‘Thank you’ for nothing. Really

Thank you for nothing. Really

The matriarchs of my family have raised me to show my appreciation for everything I am given. 

Sensibly, this would be meals that have been cooked for me, gifts that have been given to me on national holidays and birthdays, and compliments that I’ve received. 

But a battalion of  “thank you’s” remains stationed in my cerebral cortex for even the most redundant of deeds. For example, the odds of anyone recalling a math class where they didn’t have worksheets are slim to none. 

Personally, math is my least favorite subject, but because of the copious number of worksheets I’m given per week, I find myself saying “thank you” the most in this class.  

Ok, I’ll admit, logarithms can be fun. And ultimately I am thankful for their worksheets. This is because I, like many other chronic, mindless “thank you” sayers, am appreciative of the opportunity I have been given to learn, objectively expanding my mental capacity.

And as I mentioned earlier, “thank yous” are overwhelmingly prevalent in the Southeast. You can liken them to “yes ma’am”s and “no ma’am”s and “yes sir”s and “no sir”s. 

Now .these phrases, like “thank you,” are simply used to imply one’s respect for others. But like saying “thank you” for the unnecessary, the absence of “yes ma’am,” “no ma’am,” “yes sir,” and “no sir,” in one’s colloquial doesn’t mean that they don’t value the aid of others, they just choose to express their gratitude differently.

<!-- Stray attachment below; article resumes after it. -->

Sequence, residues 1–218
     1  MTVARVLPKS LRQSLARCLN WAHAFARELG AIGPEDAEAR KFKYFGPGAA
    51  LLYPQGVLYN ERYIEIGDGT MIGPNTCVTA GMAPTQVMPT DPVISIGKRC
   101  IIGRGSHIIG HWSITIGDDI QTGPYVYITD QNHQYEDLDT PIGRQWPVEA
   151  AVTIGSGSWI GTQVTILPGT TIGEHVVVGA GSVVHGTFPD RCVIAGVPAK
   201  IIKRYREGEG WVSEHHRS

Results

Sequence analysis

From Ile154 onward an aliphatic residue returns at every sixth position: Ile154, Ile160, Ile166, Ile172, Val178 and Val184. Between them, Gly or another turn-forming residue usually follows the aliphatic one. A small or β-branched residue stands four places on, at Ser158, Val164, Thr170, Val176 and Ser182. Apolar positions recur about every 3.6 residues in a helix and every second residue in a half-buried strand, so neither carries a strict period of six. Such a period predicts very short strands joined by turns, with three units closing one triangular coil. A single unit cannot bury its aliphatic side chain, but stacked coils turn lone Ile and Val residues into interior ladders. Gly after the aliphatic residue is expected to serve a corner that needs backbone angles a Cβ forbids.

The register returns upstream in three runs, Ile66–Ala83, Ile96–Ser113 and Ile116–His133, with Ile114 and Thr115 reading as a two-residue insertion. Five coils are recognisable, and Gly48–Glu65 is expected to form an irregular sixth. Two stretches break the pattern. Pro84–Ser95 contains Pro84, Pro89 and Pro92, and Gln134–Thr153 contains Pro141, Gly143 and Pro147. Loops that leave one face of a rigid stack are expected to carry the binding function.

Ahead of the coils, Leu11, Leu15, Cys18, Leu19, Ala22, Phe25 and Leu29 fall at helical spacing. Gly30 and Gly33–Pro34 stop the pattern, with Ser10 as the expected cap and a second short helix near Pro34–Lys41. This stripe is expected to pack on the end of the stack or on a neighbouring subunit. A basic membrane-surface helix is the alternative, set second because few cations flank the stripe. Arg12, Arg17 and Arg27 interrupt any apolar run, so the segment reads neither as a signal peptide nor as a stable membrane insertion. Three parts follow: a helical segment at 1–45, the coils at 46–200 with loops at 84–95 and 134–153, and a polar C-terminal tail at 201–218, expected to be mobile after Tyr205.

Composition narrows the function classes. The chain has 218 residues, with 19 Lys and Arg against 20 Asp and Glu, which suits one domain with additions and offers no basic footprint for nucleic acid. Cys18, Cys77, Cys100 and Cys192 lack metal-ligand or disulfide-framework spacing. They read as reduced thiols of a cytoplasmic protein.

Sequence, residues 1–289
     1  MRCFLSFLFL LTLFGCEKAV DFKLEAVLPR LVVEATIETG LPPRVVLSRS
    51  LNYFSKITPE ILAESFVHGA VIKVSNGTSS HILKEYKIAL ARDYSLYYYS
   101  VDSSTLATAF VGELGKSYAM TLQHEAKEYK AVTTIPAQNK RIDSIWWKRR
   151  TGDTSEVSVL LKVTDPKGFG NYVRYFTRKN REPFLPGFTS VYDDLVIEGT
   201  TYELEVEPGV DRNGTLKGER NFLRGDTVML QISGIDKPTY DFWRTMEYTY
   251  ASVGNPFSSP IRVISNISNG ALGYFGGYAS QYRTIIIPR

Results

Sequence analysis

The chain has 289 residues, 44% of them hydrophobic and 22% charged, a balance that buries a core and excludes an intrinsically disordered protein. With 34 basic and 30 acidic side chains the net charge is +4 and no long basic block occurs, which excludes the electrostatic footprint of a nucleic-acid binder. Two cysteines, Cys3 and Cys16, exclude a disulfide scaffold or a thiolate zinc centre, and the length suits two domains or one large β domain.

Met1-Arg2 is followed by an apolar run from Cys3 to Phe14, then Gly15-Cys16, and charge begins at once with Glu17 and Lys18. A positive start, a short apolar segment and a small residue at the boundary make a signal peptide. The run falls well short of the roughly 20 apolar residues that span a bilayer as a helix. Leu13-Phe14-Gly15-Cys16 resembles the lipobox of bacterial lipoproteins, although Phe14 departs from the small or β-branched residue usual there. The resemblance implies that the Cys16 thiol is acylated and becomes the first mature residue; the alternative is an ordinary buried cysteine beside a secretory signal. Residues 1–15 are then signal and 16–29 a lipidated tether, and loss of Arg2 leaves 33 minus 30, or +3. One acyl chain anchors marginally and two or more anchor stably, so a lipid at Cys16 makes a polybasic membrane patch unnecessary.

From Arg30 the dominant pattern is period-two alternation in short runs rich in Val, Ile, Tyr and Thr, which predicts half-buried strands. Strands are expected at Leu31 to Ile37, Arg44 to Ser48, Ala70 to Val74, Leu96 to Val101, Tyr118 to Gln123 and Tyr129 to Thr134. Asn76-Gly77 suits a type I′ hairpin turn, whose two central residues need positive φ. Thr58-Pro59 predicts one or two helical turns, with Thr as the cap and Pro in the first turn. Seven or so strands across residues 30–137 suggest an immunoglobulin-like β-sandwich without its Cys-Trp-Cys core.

And that’s something I wish I chose to do, actively. 

Frankly, I only say “yes ma’am” and “yes sir” because my parents have conditioned me to address people with this show of respect. There are times when I believe they’re too formal. Uncomfortably formal, at times. 

Although I gripe about the stupidity of saying “thank you” with no superficial meaning, and I may be over-analyzing why I think I say “thank you” too much, there is not much one can do about it.

It could potentially be a fatal flaw, but we all have those.